As suitable sand for concrete becomes harder to find, a research programme to review the alkali limits in concrete may also lead to better tests for industry.
AGGREGATE IN concrete is not chemically inert. It reacts to provide better bonding between the cement matrix and aggregate, which enhances the strength and stiffness of concrete.
However, some reactions between cement and certain reactive aggregates can cause expansion and cracking of concrete structures, which can compromise the engineering properties of concrete and lead to a loss of strength and stiffness. These reactions between alkalis, mainly from the cement, and aggregate are generally referred to as alkali-silica reactions (ASR).
Three conditions must be present to cause ASR-induced cracking of concrete structures – reactive aggregates, alkalis and sufficient moisture. Figure 1 illustrates this process.
Guidance on risk and reactivity limits
New Zealand proactively controls ASR in concrete by limiting the alkali levels in Portland cement and identifying sources of potentially reactive aggregate. In 1991, Concrete NZ (then CCANZ) published TR 3 Alkali silica reaction – Minimising the risk of damage to concrete – Guidance notes and recommended practice. This was the first New Zealand guide to recommend limiting concrete alkali content, rather than cement alkali content, when using reactive aggregate.
Since local volcanic aggregates were found to be highly reactive, the guidance adopted a conservative concrete alkali limit of 2.5 kg/m³, lower than most international standards for similar reactive aggregates.
Pressure from shortages led to request to increase concrete alkali limit
However, shortage of suitable sand for concrete in the Auckland-Waikato region put concrete producers under pressure to use highly reactive sand from the Waikato River.
In 2016, producers also reported increasing demand for high-early-strength structural concrete. This placed additional strain on the supply of suitable sand, making it increasingly difficult to manufacture normal concrete below the recommended alkali limit.
As a consequence, producers asked CCANZ to increase the concrete alkali limit to 2.7 kg/m³ to facilitate the use of Waikato River sand in normal concrete. The increase would raise the maximum cement content from 415 kg/m³ to 465 kg/m³ (Figure 2). It’s a change that would cover almost all cement contents used in construction and precast concrete.
Currently testing concrete’s limits
In 2016, backed by funding from the Ministry of Business, Innovation and Employment, BRANZ and industry, CCANZ convened a working party to address these issues and update the guidance.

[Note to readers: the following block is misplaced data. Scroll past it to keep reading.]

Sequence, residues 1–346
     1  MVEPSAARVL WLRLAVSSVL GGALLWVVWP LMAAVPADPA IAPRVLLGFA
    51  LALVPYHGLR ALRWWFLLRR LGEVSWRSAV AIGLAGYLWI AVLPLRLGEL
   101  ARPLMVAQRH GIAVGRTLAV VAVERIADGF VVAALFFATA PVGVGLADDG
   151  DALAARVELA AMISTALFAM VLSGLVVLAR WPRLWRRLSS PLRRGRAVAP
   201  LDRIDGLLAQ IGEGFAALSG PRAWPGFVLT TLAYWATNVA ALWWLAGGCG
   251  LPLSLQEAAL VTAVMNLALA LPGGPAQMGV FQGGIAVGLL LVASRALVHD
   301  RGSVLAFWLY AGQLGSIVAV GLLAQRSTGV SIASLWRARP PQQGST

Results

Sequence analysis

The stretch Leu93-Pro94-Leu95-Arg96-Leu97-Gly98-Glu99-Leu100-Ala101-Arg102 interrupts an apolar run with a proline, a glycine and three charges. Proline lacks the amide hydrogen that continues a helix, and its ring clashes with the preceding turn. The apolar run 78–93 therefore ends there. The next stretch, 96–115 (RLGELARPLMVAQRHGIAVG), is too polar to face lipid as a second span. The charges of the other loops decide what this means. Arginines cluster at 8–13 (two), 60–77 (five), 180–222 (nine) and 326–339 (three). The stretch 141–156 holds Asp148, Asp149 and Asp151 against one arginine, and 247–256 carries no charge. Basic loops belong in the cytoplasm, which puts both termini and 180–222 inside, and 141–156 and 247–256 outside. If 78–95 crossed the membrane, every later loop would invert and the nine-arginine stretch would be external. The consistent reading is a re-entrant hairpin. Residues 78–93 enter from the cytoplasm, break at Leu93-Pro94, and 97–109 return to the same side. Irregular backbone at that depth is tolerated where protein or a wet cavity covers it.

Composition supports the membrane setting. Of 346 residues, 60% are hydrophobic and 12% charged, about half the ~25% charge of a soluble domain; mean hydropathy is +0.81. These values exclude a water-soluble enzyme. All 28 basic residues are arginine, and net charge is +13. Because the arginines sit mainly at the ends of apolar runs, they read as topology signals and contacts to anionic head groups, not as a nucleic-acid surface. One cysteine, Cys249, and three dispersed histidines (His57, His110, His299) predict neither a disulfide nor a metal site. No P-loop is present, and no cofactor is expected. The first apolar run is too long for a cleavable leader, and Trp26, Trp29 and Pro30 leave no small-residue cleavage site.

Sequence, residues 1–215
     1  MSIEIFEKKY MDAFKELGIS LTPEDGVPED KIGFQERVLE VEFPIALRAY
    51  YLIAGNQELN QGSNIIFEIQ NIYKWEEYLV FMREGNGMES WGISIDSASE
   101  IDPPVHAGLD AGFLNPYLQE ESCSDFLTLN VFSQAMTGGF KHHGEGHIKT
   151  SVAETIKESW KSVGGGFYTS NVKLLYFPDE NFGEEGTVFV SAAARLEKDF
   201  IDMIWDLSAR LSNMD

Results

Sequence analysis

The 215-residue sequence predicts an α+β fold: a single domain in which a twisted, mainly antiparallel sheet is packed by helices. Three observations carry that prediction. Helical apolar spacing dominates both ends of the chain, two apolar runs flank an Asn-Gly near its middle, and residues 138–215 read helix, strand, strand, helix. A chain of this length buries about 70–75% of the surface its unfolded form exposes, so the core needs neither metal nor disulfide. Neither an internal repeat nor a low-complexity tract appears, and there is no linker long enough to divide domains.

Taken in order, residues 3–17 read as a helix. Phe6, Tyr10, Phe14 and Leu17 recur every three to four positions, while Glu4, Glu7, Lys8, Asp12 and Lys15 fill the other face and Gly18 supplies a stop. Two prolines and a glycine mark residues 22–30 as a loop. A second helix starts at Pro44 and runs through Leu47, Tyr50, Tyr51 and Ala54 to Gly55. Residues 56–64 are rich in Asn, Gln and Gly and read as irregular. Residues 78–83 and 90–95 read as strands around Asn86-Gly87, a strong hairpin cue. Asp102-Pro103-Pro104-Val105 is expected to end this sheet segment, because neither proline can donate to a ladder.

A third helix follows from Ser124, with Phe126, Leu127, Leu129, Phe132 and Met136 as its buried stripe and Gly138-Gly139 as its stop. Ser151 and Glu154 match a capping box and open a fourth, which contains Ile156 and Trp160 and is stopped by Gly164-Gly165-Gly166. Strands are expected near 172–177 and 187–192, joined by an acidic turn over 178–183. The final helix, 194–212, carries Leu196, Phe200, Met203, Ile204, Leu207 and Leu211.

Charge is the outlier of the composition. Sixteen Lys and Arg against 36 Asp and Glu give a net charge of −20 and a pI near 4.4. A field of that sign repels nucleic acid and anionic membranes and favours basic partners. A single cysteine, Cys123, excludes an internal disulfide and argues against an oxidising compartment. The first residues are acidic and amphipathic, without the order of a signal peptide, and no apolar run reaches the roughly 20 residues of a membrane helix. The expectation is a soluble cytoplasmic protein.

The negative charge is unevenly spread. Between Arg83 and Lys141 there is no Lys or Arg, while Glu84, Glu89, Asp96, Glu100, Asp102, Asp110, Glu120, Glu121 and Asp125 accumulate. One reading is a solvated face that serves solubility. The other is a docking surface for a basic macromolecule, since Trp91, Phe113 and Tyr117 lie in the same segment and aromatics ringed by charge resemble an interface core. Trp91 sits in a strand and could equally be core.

The working group began a test programme to find out how concrete alkali contents higher than 2.5 kg/m³ affect the risk of alkali-aggregate reaction damage.
The programme follows internationally accepted testing protocols and focuses on a blend of Waikato River sand and Hunua greywacke mixed with type GP cement. Aggregate of known reactivity from the Auckland market as well as samples of reactive and non-reactive aggregates from around New Zealand and Australia provided a comparison.
Our current understanding of the causes and extent of ASR in New Zealand is mostly based on laboratory investigation. This involves a combination of petrographic examinations and quick chemical and accelerated mortar bar expansion tests together with studies of in-service structures with ASR damage.
Internationally, knowledge and experience with ASR in concrete has undergone significant development in recent years, and much of that understanding was adopted for the research programme.
A typical test protocol starts with quick screening methods and progresses to more long-term techniques (see Figure 3).
Some initial findings
The working party will undertake a full review of findings when the research concludes in late 2018, but results to date suggest the following:
- Petrographic analysis remains the easiest method to assess the potential reactivity of aggregate.
- Chemical analysis methods, such as ASTM C289, are reliable for most New Zealand aggregates but must be carried out by experienced laboratories.
- Rapid mortar bar tests may overestimate the reactivity of some aggregates but are useful for screening new aggregate sources.
- Long-term concrete prism tests can reliably assess ASR but must consider trends rather than compare results with published criteria.
- Research can produce consistent trends for material combinations, despite comparing laboratory techniques and varying characterisation of Portland cement.
The review is also likely to consider recommendations for further action, including updating the TR 3 guidance. Any increase in concrete alkali limits will be based on credible scientific evidence.
The recommendations are also likely to include methods to enable quarries and concrete suppliers to use the research programme’s test framework to assess potentially reactive aggregates.
Articles are correct at the time of publication but may have since become outdated.